Forensic delay analysis: An investigation of the reasons for disagreements in timerelated disputes

Atanasov, Vasil, Greenwood, David, Thurairajah, Niraj and Hatcher, Cara (2021) Forensic delay analysis: An investigation of the reasons for disagreements in timerelated disputes. In: Proceedings of 37th ARCOM (Association of Researchers in Construction Management) annual conference 2021: Recover, Rebuild and Renew: Shifting mindsets and practices to change the future, 6-7 September 2021, [virtual conference]. Association of Researchers in Construction Management (ARCOM), Leeds, pp. 460-469. ISBN 978099554656

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Construction project delays are widespread and persistent. Disputes frequently occur, and their complexity and value has produced a role for experts specialising in Forensic Delay Analysis (FDA). Previous literature suggests that the main problem (and the main generator of escalated disputes) lies with the insufficiency and/or poor quality of available information. In this study, twelve disputes were examined for their key points of disagreement. These cases indicate that there are, in fact, four distinct factors: namely the availability, validity, and disclosure of relevant information, and the approach taken to its analysis. Insufficiency and poor quality of information was indeed a factor in these disputes, but not the only one; the apparently deliberate lack of transparency, the selective interpretation of information, and the subjective adoption of delay analysis method are at least as important in creating and amplifying the dispute. The resulting interplay between the availability of reliable data, the readiness of actors in providing it, and the conflicting motives behind the way it is analysed by experts results in a zero-sum gamble for the parties seeking the resolution of delays and their consequences. This could be partially or fully avoided by (i) exploiting advances in information technology; (ii) the introduction of agreed contractual delay protocols; and/or (iii) radical changes to the concept of 'ownership' of information. The work presented here is part of a wider study examining the impact of advances in information technology on the more efficient resolution (or even avoidance) of contractual disputes.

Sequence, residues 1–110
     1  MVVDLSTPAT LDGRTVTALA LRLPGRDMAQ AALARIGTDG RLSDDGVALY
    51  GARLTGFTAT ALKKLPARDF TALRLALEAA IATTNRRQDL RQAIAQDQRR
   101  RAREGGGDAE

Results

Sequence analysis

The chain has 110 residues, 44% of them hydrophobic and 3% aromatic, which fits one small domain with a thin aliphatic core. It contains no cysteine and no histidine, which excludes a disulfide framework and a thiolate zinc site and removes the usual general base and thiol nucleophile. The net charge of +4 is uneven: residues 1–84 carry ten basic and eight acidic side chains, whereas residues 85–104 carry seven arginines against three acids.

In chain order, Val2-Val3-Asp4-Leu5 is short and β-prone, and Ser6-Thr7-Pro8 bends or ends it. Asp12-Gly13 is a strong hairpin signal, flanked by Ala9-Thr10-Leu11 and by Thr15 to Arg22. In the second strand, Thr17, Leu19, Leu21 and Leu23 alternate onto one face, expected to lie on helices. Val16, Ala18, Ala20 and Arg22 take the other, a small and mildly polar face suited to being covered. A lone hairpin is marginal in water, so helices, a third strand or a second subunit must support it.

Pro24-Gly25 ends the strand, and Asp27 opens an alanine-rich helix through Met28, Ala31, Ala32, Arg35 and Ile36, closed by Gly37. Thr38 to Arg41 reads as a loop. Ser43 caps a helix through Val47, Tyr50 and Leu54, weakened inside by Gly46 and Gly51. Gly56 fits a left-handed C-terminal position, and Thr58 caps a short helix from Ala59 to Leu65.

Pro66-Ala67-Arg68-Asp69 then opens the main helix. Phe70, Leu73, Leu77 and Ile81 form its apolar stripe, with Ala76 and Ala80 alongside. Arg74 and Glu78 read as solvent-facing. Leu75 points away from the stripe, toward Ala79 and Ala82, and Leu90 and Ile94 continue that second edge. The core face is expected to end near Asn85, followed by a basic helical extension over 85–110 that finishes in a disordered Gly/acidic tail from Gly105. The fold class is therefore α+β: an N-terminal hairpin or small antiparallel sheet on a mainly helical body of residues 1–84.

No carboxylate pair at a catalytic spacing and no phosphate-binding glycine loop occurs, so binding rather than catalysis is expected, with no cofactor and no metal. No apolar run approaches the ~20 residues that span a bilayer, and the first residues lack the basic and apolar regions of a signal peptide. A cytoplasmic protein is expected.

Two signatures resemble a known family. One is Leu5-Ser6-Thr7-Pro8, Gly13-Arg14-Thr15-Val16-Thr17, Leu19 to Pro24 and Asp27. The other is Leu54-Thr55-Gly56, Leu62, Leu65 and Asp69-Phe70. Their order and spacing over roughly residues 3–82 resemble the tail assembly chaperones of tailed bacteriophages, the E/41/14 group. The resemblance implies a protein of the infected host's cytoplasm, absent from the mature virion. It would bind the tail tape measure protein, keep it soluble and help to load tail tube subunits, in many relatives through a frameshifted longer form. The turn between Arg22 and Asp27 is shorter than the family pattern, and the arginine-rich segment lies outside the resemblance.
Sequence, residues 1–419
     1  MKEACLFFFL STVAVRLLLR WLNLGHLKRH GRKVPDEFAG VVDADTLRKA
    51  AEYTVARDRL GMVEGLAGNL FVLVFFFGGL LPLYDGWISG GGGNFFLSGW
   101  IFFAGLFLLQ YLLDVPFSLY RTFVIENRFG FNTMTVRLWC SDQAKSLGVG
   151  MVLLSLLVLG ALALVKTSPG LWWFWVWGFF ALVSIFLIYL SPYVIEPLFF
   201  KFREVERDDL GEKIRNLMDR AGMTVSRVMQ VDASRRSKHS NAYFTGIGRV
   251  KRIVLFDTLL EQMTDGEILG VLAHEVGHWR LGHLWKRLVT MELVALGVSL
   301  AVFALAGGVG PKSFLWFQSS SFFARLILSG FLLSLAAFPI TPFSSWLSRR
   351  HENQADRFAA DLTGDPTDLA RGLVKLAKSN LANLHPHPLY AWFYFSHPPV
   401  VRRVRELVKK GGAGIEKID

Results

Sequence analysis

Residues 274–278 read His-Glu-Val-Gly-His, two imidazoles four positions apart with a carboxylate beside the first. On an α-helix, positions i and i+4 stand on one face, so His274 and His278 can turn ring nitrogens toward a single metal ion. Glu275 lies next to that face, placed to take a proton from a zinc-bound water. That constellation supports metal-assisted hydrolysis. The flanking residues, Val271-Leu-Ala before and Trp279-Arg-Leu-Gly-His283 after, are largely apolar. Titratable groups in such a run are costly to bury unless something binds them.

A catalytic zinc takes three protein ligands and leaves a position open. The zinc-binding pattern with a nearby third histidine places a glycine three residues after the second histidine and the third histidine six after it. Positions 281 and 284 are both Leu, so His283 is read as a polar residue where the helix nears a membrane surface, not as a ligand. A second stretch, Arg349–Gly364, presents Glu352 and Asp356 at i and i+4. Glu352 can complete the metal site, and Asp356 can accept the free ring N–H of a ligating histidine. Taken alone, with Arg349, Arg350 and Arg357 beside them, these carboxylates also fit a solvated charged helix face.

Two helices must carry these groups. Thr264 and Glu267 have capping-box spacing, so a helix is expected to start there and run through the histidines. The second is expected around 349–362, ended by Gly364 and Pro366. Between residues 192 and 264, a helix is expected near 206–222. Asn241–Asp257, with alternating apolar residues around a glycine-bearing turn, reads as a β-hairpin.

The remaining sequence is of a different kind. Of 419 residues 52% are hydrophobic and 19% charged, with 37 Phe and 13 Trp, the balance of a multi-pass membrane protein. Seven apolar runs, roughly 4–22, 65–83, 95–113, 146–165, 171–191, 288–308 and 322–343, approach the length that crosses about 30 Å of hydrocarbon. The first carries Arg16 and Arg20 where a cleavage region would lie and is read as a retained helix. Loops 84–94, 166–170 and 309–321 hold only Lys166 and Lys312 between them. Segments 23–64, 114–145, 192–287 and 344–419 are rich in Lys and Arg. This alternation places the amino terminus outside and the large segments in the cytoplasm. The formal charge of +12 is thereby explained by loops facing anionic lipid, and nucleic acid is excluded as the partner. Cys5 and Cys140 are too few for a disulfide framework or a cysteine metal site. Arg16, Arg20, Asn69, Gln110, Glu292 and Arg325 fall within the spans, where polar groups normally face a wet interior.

Item Type: Book Section
Additional Information: Funding information: The authors would like to acknowledge the assistance of the Major Projects Association, UK for its continuing support throughout the study.
Uncontrolled Keywords: Case studies, Contractual disputes, Information technology, Project delay
Subjects: G500 Information Systems
H200 Civil Engineering
H300 Mechanical Engineering
K100 Architecture
Department: Faculties > Business and Law > Newcastle Business School
Faculties > Engineering and Environment > Architecture and Built Environment
Faculties > Engineering and Environment > Mechanical and Construction Engineering
Depositing User: Elena Carlaw
Date Deposited: 05 Jul 2022 12:53
Last Modified: 05 Jul 2022 13:00

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